Lifting her and her stuffed toy onto my lap, I cradled her in my arms for a moment.

“Honey, Jesus lived and died and lived again a long, long time ago. He came to earth from heaven to give us the truth about who we are and whose we are. He taught us what we needed to know about God and how God wants us to behave. His teachings threatened some who, back in those times, had power over people’s lives. So they had him crucified, nailed to a cross, to get rid of him and to warn others not to challenge their authority.”

“So, that’s why we have a big cross in our church, right Opa?”

“Yes, honey. That’s right. The cross is the Christian symbol for Jesus, for what he did for us.”

“And now he is in heaven?”

“Yes, honey.”

“Opa? Where is heaven?”

“Some people think it’s somewhere up in the sky. Others think it’s on another planet, or in a whole different dimension of time and space. But I like to think that, part of it at least, is right here in the human heart.” I said this placing my hand over her heart.

She sat quietly for a time, obviously thinking about everything I had said. Then she said, “Opa, was Jesus brown like me or white like you?”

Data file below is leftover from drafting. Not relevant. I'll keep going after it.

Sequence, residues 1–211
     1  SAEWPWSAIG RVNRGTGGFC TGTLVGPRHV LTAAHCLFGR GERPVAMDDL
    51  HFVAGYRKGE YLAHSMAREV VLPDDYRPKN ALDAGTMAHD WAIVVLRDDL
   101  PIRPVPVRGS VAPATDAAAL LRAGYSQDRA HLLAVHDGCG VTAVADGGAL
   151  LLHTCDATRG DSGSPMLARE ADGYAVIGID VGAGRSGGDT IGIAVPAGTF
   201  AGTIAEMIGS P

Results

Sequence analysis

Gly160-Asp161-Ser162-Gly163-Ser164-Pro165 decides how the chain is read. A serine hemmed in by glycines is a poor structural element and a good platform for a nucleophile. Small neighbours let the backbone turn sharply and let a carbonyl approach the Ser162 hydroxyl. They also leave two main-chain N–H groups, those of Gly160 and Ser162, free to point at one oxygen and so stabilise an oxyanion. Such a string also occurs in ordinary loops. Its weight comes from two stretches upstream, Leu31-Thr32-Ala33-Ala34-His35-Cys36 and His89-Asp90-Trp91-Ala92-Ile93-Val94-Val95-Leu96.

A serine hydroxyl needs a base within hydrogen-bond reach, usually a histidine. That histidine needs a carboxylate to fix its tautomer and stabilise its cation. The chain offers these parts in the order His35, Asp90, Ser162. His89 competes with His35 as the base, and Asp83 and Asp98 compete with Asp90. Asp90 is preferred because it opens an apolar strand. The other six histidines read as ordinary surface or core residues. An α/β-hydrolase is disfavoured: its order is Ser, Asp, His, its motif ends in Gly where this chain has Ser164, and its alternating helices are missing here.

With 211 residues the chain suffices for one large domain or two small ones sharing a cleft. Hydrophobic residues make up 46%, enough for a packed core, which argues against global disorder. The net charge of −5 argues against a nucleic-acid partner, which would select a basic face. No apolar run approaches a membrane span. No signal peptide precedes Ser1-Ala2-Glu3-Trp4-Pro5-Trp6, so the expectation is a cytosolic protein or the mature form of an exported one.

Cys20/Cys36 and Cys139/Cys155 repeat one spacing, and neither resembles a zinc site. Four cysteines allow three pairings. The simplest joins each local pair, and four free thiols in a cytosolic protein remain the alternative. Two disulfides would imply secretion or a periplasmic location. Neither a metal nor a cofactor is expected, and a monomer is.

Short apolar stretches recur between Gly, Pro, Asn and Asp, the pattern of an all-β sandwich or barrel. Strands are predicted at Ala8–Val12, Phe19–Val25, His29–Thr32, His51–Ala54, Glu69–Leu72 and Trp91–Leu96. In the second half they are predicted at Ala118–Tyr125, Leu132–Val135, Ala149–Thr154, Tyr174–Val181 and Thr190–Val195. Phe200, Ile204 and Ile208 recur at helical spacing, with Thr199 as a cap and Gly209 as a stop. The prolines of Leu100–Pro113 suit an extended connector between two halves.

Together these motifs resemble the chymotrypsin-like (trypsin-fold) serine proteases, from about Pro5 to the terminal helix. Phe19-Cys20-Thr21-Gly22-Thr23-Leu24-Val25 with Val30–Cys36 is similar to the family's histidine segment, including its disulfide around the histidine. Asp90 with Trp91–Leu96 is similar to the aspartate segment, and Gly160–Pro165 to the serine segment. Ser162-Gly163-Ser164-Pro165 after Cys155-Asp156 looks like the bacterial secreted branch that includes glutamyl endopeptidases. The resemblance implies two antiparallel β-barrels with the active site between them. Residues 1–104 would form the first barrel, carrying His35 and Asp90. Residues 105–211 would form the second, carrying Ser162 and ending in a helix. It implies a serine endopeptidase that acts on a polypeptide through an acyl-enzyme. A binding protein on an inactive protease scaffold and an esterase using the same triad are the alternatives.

“Honey,” I said, “nobody knows for sure exactly what Jesus looked like. All we have today are paintings and statues of him that were made by people who lived long after the time of Jesus. These people used their imagination to create images of him, images that looked the way they wanted him to look.”

I picked up my iPad, googled Jesus, and then touched the image option at the top of the screen. Hundreds of pictures appeared for my little darling to see. Some of them were tanned, middle-eastern in appearance. Some were more European looking. Some were dark complexioned with broader features. One was very light complexioned with light brown hair and blue eyes. One was very dark with curly hair. Most had long hair and short beards, but not all.

“People like to think of Jesus as looking like themselves, honey. How would you like him to look?”

My little darling didn’t answer right away. I could tell that she was really thinking hard about this. She looked at image after image of Jesus. Then she said, “I guess it really doesn’t matter what he looked like, Opa. But if he looked like you do, that would be okay with me.”

About these ads
Published in: on November 14, 2012 at 9:44 am  Comments (7)  

The URI to TrackBack this entry is: http://kgarry.wordpress.com/2012/11/14/hush-my-darling-dont-fear-my-darling-a-childs-first-encounter-with-jesus/trackback/